So what of the line, I shoulda known we’d never get far: “When we were writing I suggested the lyric I got a job at the railway yard, because that’s what my band-mate Chuck had done: he got a job loading two-by-fours into box-cars at the Vanderhoof railway yard! The railway lyric survived the first three rough drafts but was eventually scrapped. Personally, I still prefer it.” ‘Ain’t no use in complainin’ when you got a job to do’: “I was thinking about Chuck and his job at the railway yard.  Bryan was probably thinking about his brief stint as a dish-washer at the Tomahawk Restaurant in North Vancouver. There aren’t many drive-ins left, and I wonder if kids these days even know what they are? When I was growing up there were two kinds of drive-ins: the big outdoor movie screens, and the drive-in restaurants that served burgers and soda while you sat in your car, like in the film American Graffiti. They’re pretty much gone now, but I have fond memories of going to both kinds of drive-ins as a kid.”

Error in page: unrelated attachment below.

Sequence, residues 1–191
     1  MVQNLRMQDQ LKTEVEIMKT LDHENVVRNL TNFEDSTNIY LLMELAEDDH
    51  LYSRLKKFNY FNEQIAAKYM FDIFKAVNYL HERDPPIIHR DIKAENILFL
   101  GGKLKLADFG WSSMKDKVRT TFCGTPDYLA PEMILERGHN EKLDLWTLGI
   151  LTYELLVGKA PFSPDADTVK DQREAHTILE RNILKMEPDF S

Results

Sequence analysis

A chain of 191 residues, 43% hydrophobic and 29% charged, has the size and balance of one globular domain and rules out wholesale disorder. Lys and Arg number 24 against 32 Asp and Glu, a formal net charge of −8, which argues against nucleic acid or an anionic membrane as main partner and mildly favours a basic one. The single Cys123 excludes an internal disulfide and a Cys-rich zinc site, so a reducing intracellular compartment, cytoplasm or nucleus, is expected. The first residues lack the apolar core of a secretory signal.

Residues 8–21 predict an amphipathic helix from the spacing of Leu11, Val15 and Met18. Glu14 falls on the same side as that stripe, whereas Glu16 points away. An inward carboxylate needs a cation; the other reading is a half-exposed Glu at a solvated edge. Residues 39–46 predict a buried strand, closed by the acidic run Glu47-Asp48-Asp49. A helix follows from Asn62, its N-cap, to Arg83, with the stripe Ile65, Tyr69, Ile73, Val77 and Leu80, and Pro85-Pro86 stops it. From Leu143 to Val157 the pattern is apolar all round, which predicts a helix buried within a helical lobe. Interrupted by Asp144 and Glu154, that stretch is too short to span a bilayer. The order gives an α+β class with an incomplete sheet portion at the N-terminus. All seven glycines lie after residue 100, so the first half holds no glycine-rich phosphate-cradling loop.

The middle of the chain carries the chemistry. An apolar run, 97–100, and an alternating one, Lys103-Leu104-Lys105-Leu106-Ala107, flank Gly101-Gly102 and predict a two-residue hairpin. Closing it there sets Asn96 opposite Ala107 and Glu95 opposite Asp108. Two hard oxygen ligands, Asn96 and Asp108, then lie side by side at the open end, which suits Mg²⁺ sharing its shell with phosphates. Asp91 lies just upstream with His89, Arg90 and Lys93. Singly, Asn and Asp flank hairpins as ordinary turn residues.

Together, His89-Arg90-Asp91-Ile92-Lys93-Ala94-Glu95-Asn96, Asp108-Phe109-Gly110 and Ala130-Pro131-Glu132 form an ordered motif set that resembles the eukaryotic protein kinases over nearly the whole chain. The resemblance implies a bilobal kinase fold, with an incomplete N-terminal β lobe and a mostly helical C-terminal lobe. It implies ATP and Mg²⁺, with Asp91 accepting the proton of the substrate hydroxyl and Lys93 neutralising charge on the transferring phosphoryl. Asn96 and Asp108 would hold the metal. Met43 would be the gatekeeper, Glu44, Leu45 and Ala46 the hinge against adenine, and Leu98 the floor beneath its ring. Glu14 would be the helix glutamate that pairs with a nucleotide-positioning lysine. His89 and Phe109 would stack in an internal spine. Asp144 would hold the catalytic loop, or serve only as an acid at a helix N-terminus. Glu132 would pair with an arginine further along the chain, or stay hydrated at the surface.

Man we were killin’ time, we were young and restless, we needed to unwind I guess nothin’ can last forever, Jim continued: “At this point the song goes to an electric twelve-string guitar break that’s really a nod to The Beatles, The Byrds and The Searchers with songs like Ticket To Ride, Mr Tambourine Man and Needles And Pins – some of my favourite music from the 1960’s. On our very first basement demo of we started the song with the 12-string riff, exactly like the break down section in the middle of the song, but on subsequent demo’s we replaced the 12-string with a chunky 6-string intro. In fact, we toiled over the musical arrangement for several weeks, maybe longer. We recorded the song three or four different ways, and we still weren’t convinced we had it right! Bryan even considered dropping the song from the album. Now, nearly 30 years later, when I hear it on the radio, I honestly can’t remember what bothered us.”